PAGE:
Plans for bathroom upgrade at governor's mansion scaled back
Posted October 11, 2013
Updated October 14, 2013
Raleigh, N.C. — After @NCCapitol wrote about a list of repair and renovations planned for buildings around the state, we got a few questions about one particular item on the list:
"Executive Mansion - Renovate 2nd Floor Bathrooms ($230,000) "The bathrooms on 2nd floor residential area of the Executive Mansion are in need of renovation. The project will provide new tile floors, new counter tops, and new fixtures."
Other work at the executive mansion, including exterior painting, is on the repair and renovation list, but it was the bathrooms that prompted those writing in our comments section to ask "seriously?"
We're talking about six bathrooms that total up to 560 square feet, including a 240-square-foot master bathroom.
"There's evidence of mold growing significant enough to require renovation work," said Chris Mears, a spokesman for the Department of Administration, which put together the repair list.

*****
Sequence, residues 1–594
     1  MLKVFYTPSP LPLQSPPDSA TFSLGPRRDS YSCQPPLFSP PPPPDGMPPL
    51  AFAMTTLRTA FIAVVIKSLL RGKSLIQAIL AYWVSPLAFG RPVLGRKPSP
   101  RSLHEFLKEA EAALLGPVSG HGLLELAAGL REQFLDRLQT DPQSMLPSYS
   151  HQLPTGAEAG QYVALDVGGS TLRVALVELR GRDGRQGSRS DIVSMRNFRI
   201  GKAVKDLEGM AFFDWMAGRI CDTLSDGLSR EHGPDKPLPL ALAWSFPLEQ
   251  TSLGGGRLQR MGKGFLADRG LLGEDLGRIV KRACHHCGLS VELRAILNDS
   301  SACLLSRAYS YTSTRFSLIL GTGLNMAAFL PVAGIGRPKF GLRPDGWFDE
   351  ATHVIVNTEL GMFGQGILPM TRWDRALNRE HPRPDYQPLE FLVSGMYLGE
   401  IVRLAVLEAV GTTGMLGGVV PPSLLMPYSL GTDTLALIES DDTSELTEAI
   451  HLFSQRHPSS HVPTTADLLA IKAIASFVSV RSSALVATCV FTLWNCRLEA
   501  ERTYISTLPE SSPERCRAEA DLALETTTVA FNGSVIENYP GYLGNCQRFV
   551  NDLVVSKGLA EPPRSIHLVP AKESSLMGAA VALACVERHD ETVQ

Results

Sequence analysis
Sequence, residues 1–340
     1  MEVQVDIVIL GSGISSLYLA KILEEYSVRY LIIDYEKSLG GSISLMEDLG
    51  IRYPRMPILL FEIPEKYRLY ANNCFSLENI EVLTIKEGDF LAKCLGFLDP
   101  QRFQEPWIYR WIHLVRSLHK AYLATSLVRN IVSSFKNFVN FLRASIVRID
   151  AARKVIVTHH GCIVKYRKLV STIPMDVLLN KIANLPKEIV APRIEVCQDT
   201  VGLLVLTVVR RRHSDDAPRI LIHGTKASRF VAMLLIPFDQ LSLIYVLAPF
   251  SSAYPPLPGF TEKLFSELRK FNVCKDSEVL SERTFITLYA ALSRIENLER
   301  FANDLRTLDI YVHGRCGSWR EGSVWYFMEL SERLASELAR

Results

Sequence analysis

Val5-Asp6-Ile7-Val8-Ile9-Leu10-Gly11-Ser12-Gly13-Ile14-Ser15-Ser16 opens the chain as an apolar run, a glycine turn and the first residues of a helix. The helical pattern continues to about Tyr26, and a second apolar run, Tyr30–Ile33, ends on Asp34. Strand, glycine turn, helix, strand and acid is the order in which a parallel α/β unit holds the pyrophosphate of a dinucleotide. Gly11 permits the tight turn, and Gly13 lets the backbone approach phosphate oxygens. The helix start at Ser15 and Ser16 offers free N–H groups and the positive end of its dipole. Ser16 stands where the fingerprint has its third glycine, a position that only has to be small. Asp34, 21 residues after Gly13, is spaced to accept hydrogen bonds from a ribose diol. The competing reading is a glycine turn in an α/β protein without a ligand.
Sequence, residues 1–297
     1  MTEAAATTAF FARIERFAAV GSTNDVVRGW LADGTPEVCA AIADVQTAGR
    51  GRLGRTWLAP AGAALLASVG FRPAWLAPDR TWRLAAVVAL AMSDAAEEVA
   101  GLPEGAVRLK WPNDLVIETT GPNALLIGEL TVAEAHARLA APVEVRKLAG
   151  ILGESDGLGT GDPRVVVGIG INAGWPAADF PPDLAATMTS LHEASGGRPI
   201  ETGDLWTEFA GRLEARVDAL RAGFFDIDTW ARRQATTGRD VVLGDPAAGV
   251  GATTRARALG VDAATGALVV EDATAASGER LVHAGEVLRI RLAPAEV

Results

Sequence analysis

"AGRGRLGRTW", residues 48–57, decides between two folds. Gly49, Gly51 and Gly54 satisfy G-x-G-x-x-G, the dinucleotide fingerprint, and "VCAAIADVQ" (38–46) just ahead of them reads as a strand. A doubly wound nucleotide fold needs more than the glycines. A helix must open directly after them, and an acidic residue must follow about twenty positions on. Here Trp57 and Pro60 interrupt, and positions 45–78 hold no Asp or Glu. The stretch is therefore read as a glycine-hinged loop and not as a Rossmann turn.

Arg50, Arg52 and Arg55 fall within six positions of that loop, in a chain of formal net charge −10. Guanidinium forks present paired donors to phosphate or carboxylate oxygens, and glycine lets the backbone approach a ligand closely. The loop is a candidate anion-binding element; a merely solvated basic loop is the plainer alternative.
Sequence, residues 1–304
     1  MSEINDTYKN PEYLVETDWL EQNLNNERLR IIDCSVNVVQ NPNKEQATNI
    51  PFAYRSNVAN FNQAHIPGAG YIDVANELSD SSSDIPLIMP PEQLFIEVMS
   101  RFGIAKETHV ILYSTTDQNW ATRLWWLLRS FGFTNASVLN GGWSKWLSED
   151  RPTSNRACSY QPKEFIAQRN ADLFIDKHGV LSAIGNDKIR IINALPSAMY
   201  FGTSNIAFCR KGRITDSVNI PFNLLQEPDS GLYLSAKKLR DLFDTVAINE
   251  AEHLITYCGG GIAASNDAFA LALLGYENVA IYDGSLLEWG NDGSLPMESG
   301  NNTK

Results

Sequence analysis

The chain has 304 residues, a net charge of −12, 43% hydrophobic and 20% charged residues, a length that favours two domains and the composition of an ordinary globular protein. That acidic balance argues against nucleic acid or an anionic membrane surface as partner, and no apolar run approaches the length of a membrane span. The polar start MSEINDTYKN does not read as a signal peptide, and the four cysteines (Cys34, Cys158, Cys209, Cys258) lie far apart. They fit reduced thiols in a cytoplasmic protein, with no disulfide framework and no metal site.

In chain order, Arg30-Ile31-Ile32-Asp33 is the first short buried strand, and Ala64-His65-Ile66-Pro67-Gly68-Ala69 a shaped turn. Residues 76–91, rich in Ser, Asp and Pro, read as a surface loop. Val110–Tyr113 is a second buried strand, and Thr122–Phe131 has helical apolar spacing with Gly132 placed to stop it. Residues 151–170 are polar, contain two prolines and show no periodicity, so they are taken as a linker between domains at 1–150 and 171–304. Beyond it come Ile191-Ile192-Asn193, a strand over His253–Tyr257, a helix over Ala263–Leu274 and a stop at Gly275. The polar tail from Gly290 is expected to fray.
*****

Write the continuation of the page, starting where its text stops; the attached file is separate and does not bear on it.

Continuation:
There has been roughly $6.8 million worth of work on the 122-year-old mansion since Gov. Mike Easley took office, according to a summary provided by Mears, but none of that work dealt with the bathrooms.
"The last time they (the bathrooms) were renovated was under Jim Holshouser," Mears said. Holshouser was governor from 1973 to 1977.
In a memo detailing the required work, Bill Sears, a private architect working for the state, said existing floors and fixtures need to be removed, and the electrical outlets need to be upgraded to modern standards.
And because the mansion is an historic house, some custom work will be required to preserve historic features. For example, Mears said, one bathroom was retrofitted when President Franklin D. Roosevelt stayed at the mansion. Those retrofits, he said, will need to be preserved.
The $230,000 figure is only an estimate. The project will be put to bid.
Gov. Pat McCrory's spokeswoman, Kim Genardo, released a statement Saturday about the renovations.
"The governor has firmly communicated to the Department of Administration that not one penny of taxpayer dollars will be used to remodel or upgrade any of the six bathrooms in the living quarters of the State of North Carolina's executive mansion," the statement said. "Only a very limited amount of funds will be used to repair potential code violations, treat dangerous mold and fix broken faucets."